How To IMSA: Writing Essays

Photo by Heena Srivastava/The Acronym

Now that it’s mid-November, IMSA students have already struggled through dozens of writing assignments, from first day get-to-know-you blurbs to mind-numbing American Studies research papers. While I don’t mind these assignments, I have witnessed the spike they cause in student stress levels.

Although starting this process the night before is NOT recommended, here is a little formula you can use to hash out how to conquer the writing beast. Even if you claim to have never written anything good in your life and find yourself stuck in the eternal rut of writer’s block, this method may give you that all-important first push.

BRAINSTORMING AND STRUCTURE: to have an idea of what you’re going to write.

Questions you should ask before this process –

What is my goal? (how many pages? what’s my topic? what am I being asked to convey?)
This should be in the prompt/assignment your teacher gave you. Having a clear goal is crucial to writing anything close to being relevant and good-quality.

What are the expectations?
If there is a rubric, base this off that. If there is not one, use your best judgement, upperclassmen’s advice, how your teacher has graded in the past, and specifications about the assignment found in the prompt.

What do I know about the topic?
If you don’t know much or anything at all, research, ask friends, reread notes, or actually do the reading. Understanding what it is you are writing about might seem to be trivial and easily avoidable by ‘talking around’ the actual topic. But teachers can tell when you have no clue about your topic. This saves you from making any embarrassing assumptions that were clearly covered in the reading or lecture.

What points do I need to cover?

  • Write a thesis (or whatever general idea you are promoting in the rest of your writing).
    This is not listing “This is my argument because of A, B, and C” (A, B, and C being the body paragraphs). This can be more general. A blanket statement, if you will.
  • Take some of the most important and standalone ideas from your organized list (again, the thesis is NOT a list of things you will talk about) and make them your body paragraphs.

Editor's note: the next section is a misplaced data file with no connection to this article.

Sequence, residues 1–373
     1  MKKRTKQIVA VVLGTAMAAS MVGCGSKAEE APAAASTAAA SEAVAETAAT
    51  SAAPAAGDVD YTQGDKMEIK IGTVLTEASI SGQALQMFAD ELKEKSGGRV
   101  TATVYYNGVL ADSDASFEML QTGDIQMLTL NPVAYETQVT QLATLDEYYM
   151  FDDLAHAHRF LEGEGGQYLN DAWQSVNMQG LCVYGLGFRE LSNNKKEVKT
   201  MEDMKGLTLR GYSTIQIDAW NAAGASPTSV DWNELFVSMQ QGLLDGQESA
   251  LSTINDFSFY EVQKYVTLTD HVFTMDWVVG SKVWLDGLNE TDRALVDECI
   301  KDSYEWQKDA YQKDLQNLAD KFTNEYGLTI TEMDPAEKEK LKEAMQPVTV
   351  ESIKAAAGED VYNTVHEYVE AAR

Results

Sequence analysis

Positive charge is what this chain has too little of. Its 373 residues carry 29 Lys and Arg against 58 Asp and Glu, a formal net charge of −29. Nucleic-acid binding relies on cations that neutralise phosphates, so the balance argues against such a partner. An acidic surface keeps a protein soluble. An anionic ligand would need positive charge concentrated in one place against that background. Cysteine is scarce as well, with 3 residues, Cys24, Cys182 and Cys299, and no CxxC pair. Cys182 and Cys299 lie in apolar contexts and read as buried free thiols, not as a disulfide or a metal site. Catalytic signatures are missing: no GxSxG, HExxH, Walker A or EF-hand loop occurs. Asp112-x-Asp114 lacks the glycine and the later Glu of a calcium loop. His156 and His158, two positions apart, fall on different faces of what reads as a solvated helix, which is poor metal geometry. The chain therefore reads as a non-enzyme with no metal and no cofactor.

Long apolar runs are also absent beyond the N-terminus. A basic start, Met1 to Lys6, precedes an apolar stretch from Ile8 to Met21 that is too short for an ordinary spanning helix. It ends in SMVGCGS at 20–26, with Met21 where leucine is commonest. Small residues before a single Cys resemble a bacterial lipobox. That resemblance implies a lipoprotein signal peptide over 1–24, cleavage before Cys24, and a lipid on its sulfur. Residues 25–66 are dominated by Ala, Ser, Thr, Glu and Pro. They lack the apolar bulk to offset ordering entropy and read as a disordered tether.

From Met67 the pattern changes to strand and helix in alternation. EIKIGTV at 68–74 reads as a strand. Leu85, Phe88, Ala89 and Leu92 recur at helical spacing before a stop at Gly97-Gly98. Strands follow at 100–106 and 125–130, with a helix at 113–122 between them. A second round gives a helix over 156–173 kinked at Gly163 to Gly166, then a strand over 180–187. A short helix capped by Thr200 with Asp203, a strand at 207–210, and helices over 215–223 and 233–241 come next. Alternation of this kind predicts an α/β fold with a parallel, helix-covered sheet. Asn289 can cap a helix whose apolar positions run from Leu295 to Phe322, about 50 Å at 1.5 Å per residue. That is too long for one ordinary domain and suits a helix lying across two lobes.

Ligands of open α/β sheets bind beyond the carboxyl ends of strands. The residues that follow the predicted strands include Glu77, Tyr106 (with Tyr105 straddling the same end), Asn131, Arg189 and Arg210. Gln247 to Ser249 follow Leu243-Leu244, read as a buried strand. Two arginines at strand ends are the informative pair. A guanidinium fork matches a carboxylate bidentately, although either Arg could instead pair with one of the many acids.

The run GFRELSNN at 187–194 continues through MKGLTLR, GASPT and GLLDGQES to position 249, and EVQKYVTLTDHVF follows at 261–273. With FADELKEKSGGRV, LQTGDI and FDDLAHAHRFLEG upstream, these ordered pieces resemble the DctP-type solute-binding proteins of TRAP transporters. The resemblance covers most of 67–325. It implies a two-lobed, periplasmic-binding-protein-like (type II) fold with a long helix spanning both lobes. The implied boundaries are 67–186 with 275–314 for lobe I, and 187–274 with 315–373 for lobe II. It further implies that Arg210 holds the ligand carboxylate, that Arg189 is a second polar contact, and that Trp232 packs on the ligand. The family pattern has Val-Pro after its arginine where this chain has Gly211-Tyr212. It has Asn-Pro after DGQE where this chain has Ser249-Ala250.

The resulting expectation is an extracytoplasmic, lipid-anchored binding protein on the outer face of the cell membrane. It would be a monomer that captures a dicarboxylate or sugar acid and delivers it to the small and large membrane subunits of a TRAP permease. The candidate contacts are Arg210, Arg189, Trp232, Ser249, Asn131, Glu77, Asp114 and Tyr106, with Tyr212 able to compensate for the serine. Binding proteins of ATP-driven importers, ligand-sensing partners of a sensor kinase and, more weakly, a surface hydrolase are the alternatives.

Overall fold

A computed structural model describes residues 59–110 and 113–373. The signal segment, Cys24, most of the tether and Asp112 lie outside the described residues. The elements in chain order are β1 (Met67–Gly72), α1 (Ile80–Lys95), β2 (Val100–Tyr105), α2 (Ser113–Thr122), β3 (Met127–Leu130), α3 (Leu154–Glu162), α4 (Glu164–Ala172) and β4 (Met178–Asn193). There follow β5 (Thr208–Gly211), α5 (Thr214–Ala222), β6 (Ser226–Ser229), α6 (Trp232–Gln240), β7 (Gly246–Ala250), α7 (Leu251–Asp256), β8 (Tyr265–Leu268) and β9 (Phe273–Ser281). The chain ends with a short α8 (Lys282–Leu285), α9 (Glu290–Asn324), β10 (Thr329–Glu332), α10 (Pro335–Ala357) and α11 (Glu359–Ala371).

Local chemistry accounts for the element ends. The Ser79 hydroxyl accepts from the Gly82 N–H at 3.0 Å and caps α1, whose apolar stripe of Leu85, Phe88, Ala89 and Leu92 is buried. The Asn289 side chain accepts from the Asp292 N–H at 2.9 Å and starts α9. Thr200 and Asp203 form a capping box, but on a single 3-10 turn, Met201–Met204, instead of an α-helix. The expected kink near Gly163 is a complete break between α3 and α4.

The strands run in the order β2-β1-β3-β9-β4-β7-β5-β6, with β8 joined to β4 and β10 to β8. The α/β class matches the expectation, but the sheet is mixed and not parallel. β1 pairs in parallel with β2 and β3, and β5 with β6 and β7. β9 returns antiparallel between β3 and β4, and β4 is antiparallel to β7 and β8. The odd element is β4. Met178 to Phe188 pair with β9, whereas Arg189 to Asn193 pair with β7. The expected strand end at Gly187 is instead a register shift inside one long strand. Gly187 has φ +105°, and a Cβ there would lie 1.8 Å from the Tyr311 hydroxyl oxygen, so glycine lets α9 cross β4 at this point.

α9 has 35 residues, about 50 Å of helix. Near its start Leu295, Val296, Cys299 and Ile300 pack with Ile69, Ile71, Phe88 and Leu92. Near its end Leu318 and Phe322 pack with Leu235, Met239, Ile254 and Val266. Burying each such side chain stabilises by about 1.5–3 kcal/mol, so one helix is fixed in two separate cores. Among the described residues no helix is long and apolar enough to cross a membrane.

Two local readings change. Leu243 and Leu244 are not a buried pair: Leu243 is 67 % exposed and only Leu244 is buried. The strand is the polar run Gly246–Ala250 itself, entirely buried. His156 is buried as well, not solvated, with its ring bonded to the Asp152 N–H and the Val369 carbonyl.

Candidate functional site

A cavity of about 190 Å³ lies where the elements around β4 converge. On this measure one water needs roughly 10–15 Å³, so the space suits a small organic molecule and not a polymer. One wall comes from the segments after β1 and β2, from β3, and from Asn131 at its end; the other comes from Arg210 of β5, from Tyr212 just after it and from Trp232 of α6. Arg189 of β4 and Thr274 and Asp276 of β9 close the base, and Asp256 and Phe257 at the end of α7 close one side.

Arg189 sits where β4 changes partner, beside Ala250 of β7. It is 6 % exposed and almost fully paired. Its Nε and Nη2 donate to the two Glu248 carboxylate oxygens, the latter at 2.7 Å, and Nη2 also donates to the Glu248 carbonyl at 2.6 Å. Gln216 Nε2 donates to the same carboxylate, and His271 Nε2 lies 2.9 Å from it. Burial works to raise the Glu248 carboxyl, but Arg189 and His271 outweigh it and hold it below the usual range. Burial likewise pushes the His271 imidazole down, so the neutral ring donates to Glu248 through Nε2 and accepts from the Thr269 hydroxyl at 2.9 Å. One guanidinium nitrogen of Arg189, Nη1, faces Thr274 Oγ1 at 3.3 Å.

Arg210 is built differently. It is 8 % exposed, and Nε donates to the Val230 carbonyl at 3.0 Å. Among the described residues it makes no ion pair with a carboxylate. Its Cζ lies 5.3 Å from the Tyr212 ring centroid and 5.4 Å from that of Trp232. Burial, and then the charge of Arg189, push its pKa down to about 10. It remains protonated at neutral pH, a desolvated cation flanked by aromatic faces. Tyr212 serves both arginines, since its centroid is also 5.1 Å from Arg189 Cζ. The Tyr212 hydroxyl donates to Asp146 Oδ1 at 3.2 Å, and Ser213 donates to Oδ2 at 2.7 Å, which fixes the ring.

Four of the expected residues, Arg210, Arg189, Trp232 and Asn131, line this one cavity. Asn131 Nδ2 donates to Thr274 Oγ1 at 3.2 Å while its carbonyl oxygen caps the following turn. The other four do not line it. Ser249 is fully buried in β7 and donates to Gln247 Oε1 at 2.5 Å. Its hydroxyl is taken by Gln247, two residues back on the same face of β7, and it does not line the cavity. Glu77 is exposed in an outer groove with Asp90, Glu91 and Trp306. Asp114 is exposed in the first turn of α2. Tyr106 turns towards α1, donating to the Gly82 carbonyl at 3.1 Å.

• Using bullets or indents, gather and list whatever supporting evidence you have for those body paragraphs underneath the general points you made in the previous step.


Fill out the broadest statements in your work
Thesis, topic sentences, concluding sentences. These three are the skeleton of your paper. If these are weak, your argument will be unclear and unstable. Spend a reasonable amount of time focusing on these. Get a killer thesis that directly speaks to the point you are trying to make. Once you have a thesis, work out the topic sentences for each paragraph that build off of that thesis; try to make your entire essay coherent and smooth, using these topic sentences as your guide.

Build off of your statements. Work on the sentences showing supporting evidence.
Don’t worry about order yet. Although each paragraph should not be independent from the rest of the essay, the focus each paragraph has should be distinct enough to work on without going in order.

Make sure everything connects to the thesis, your broadest statement.
No matter how ‘bad’ of a writer you are, if you show how each point you make relates to and supports your claim clearly, your argument will be much more sound.

Even if you have “writer’s block,” you can still write something by working out logical reasons for why your evidence supports your claim. Although I do not recommend you make the terrible, terrible mistake of starting an essay at 12 a.m. the night before it is due, I hope this does give you some useful tips of writing any kind of essay, even if you have a case of writer’s block and a fast-approaching deadline.

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